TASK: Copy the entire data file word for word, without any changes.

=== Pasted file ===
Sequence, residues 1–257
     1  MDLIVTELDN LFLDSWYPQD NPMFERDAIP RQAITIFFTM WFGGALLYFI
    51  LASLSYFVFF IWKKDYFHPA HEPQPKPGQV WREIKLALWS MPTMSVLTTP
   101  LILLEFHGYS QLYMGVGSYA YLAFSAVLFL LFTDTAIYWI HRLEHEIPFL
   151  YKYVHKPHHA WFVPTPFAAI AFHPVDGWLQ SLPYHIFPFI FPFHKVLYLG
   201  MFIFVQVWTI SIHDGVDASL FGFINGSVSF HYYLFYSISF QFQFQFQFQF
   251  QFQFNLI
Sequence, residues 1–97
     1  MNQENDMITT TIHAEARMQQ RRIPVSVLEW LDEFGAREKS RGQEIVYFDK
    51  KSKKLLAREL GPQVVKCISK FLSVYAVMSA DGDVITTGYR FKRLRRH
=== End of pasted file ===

Sequence, residues 1–257
     1  MDLIVTELDN LFLDSWYPQD NPMFERDAIP RQAITIFFTM WFGGALLYFI
    51  LASLSYFVFF IWKKDYFHPA HEPQPKPGQV WREIKLALWS MPTMSVLTTP
   101  LILLEFHGYS QLYMGVGSYA YLAFSAVLFL LFTDTAIYWI HRLEHEIPFL
   151  YKYVHKPHHA WFVPTPFAAI AFHPVDGWLQ SLPYHIFPFI FPFHKVLYLG
   201  MFIFVQVWTI SIHDGVDASL FGFINGSVSF HYYLFYSISF QFQFQFQFQF
   251  QFQFNLI
Sequence, residues 1–97
     1  MNQENDMITT TIHAEARMQQ RRIPVSVLEW LDEFGAREKS RGQEIVYFDK
    51  KSKKLLAREL GPQVVKCISK FLSVYAVMSA DGDVITTGYR FKRLRRH